- Saudi Aramco approaches banks to request pitches to run its IPO in 2018.
- The oil company plans to appoint a group of lenders as coordinators and bookrunners by early next year.
- Aramco’s IPO could value the company at as much as $US2 trillion, and is likely to be the biggest IPO in history.
LONDON – Saudi Arabia’s state oil company requested pitches from banks to be coordinators and bookrunners for its record breaking initial public offering scheduled for next year.
According to Bloomberg, which cites people familiar with the matter, Saudi Aramco sent requests to banks over the last few days, with the aim of appointing a group of banks to run the IPO process by “early next year.”
It is not known which banks have been approached, and those who have been contacted are understood not to have been told where Aramco plans to list its shares.
Bloomberg reports that Aramco has already worked with JPMorgan, HSBC, Morgan Stanley, and other smaller banks on initial preparations for the listing.
Saudi Aramco’s imminent stock market flotation – which is expected to take place at some point in 2018 – will likely make it the most valuable public company on earth, and has attracted huge attention from major financial sectors around the world, who are vying to attract the listing.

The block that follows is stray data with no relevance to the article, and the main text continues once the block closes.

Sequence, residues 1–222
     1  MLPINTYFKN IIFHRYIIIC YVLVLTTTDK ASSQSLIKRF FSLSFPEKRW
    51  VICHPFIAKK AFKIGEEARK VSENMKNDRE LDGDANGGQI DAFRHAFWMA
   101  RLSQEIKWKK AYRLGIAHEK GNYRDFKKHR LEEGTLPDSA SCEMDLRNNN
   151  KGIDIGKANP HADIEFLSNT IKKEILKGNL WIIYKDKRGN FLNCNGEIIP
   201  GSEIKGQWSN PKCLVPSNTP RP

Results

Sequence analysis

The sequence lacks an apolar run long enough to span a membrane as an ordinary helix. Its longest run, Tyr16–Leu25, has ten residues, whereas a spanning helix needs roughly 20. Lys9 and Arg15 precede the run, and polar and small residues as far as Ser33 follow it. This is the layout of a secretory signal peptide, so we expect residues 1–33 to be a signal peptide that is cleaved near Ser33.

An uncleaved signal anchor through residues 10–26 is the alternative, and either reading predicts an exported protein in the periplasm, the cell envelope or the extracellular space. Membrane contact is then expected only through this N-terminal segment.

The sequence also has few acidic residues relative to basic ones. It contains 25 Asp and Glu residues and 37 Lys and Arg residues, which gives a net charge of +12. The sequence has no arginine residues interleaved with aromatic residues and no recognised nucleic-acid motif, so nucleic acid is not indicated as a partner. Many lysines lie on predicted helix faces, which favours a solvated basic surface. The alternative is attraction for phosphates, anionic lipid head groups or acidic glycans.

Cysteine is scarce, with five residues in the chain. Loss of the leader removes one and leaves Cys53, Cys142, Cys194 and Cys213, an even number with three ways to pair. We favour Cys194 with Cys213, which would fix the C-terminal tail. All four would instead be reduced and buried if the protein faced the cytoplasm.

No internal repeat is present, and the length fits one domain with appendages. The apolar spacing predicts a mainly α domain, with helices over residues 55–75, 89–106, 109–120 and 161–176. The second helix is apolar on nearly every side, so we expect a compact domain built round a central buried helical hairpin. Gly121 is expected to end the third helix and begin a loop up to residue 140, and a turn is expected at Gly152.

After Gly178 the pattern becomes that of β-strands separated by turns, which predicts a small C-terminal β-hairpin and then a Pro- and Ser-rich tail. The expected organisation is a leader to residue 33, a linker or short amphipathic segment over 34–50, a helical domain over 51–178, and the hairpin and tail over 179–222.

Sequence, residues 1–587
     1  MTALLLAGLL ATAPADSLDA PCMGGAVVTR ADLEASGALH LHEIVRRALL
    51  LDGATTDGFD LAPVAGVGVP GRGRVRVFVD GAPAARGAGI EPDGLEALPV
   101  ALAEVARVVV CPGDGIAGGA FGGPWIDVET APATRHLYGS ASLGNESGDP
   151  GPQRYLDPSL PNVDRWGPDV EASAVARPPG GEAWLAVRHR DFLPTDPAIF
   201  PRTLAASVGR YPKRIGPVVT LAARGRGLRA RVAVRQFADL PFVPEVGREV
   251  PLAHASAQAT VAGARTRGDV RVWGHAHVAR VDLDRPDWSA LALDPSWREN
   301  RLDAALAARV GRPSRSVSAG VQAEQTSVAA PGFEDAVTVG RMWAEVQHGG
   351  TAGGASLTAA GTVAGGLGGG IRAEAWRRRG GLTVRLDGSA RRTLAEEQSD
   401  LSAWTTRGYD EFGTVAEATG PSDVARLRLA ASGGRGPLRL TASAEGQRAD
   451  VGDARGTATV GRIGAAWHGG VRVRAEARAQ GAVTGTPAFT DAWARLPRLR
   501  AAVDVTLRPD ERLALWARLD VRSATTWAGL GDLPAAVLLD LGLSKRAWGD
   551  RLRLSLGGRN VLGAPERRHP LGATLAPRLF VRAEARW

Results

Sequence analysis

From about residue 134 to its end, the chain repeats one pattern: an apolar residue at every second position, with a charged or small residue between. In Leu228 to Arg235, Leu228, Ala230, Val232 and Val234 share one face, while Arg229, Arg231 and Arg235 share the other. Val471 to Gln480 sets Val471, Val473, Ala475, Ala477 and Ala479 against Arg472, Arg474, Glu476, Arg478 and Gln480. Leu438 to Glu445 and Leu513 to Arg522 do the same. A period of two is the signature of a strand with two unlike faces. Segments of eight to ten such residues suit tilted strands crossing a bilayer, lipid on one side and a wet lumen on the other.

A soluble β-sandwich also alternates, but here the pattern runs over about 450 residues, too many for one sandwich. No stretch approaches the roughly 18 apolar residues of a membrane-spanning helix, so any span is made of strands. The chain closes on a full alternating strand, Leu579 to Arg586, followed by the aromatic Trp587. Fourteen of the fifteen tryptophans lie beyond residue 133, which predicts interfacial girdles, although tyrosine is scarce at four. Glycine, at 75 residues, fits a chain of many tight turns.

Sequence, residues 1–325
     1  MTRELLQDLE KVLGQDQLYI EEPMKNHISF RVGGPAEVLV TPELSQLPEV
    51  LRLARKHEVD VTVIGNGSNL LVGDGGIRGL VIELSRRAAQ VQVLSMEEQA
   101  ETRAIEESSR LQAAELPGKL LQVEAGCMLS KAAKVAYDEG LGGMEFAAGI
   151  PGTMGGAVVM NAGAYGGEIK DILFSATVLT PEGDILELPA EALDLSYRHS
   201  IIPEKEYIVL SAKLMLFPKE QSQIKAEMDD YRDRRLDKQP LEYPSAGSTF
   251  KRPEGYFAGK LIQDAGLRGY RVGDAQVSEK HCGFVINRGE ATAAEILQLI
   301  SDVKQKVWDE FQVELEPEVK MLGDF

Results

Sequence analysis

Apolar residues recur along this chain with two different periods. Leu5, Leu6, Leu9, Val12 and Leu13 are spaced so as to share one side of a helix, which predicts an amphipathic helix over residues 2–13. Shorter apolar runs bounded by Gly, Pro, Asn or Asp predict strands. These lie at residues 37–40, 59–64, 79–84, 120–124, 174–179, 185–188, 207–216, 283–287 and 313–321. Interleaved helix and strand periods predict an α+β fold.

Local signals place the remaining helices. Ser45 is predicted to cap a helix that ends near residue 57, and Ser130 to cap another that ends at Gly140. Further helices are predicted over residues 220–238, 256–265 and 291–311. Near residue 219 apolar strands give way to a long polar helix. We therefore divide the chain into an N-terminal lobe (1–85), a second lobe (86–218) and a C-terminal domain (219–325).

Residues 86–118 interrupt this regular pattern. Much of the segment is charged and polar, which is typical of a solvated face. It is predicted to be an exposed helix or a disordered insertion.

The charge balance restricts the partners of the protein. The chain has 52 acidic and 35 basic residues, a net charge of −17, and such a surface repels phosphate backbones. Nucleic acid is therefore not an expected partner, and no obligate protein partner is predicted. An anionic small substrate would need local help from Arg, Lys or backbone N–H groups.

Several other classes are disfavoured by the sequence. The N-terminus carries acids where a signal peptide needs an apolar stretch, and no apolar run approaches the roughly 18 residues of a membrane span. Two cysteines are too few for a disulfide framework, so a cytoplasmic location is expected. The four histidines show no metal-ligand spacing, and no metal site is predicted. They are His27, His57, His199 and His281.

As it stands, the kingdom’s ruling family plans to list at least part of its business on Saudi Arabia’s stock exchange, the Tadawul, in 2018. It is then widely expected to list another segment on an exchange in an international financial centre – most likely be New York or London, but Hong Kong and Singapore are also thought to be contenders.
Saudi officials have also signalled that the company is not guaranteed to list shares outside of the Kingdom.
London in particular is lobbying Aramco hard, sending numerous delegations to Riyadh in recent months to try and bring the listing to the London Stock Exchange.
Earlier this year, UK regulator the Financial Conduct Authority (FCA) proposed relaxing existing rules to allow sovereign-owned companies to list on the London Stock Exchange. The move is believed to be almost solely a means of making the UK more attractive to Saudi Aramco’s bosses.
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